Federal Crime Control Assistance:

A Discussion of the Program and Possible Alternatives

GGD-78-28: Published: Jan 27, 1978. Publicly Released: Jan 27, 1978.

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The primary objective of the Omnibus Crime Control and Safe Streets Act, as amended, is crime control, with emphasis placed upon strengthening and improving law enforcement. There is some ambiguity in interpreting these goals. Difficulties in evaluating programs of the Law Enforcement Assistance Administration (LEAA) result from the lack of reliable means for measuring crime and delinquency and lack of standards for gauging criminal justice performance.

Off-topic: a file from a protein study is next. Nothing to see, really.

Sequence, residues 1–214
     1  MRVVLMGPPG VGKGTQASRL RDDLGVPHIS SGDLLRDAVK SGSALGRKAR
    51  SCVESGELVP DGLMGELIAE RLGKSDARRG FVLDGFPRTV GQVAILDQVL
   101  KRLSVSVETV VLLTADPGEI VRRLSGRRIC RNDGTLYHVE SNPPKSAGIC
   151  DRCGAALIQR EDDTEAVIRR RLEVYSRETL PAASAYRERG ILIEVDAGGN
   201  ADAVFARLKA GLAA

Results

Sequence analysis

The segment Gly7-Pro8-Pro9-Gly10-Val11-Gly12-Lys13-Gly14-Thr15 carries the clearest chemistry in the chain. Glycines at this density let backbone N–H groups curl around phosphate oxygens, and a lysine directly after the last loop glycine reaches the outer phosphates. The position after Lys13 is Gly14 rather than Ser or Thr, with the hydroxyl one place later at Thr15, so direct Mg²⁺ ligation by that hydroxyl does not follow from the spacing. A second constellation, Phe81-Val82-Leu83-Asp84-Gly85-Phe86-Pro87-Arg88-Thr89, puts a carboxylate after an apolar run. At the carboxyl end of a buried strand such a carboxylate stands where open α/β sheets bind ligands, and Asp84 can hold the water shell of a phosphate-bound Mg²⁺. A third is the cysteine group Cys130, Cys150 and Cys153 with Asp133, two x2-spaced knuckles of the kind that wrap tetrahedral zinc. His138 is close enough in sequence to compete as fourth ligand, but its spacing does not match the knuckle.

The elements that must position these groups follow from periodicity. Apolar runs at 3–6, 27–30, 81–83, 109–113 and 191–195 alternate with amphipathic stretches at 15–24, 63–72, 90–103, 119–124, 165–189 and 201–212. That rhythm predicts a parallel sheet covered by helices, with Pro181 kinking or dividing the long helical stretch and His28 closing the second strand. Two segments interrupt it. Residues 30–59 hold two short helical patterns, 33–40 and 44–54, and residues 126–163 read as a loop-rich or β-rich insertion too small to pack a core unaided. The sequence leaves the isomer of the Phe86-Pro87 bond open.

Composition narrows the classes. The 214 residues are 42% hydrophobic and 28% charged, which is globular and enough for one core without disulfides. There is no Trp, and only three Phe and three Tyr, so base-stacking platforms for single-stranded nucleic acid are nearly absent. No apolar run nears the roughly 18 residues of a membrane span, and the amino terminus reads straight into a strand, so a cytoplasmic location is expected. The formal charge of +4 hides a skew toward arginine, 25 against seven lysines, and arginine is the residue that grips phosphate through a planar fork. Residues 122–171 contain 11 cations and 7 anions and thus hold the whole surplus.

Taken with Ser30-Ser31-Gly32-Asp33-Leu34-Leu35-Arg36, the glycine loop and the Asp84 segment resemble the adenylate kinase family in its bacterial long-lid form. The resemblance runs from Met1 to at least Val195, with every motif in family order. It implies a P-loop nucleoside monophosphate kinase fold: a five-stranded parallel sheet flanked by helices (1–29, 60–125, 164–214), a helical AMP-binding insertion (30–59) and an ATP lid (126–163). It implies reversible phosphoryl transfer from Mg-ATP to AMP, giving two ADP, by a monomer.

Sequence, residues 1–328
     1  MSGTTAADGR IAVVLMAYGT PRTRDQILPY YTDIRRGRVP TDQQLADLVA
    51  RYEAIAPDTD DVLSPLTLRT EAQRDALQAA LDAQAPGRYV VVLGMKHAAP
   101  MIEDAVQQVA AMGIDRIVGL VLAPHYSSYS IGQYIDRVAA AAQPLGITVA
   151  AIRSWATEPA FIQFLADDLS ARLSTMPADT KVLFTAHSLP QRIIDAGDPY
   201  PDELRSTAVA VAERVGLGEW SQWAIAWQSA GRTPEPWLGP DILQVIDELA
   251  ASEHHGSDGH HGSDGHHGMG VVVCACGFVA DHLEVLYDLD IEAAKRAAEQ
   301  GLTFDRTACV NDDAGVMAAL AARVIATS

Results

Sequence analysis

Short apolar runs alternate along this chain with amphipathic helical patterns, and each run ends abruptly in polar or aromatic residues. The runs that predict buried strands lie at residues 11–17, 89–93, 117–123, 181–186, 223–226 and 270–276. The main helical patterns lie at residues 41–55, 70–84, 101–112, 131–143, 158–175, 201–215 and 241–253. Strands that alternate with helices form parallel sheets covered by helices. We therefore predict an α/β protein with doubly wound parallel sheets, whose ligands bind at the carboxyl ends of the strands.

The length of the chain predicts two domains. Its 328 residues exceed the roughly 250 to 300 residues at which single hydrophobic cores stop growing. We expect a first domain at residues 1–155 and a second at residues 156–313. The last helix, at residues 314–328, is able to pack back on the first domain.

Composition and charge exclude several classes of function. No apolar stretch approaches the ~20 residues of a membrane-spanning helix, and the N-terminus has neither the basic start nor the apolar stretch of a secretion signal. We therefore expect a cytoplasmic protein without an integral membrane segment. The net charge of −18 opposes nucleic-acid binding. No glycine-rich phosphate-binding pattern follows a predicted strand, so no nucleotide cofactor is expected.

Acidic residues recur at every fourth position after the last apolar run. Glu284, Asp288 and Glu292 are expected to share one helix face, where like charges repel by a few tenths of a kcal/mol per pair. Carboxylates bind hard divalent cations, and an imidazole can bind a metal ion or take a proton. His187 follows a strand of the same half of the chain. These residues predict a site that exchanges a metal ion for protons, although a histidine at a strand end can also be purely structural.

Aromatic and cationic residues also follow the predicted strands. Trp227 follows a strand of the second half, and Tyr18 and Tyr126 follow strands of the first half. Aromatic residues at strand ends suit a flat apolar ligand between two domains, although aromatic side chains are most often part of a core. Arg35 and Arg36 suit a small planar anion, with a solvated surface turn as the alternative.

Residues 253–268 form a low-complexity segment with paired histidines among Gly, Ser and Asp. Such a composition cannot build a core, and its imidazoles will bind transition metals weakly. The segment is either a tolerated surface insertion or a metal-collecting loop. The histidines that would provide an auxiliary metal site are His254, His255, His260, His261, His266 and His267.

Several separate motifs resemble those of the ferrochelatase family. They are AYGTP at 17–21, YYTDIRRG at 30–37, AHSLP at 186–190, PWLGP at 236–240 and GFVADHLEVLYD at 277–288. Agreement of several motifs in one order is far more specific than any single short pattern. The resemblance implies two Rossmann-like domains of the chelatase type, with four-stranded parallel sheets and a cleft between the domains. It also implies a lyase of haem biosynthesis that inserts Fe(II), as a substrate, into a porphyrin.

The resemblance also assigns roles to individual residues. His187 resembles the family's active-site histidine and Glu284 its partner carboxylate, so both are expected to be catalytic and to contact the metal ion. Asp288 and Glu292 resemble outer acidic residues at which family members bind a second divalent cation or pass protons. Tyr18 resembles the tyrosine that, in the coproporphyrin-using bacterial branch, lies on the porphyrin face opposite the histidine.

Federal funds are made available to States primarily in the form of block grants which are then subgranted by States to local governments, with additional funds awarded by LEAA at its discretion (the categorical program). Some criticisms of block fund programs were that they were not innovative and that a disproportionate share of funds was awarded for police functions. Categorical programs did not show systematic policy development but rather reflected the impact of frequent changes in leadership. Such changes were also reflected in the management of research programs. Alternatives considered for achieving purposes of the Act were: retaining the block grant approach with such options as changes in funding, Federal leadership, State and local authority, and decategorization; sharing Federal revenue with State and local governments; placing the greatest emphasis on expanded research and evaluation; and expanding the Federal program scope. Key policy issues involved are whether the Federal government should continue its mandated goals or restrict its role to providing fiscal relief.

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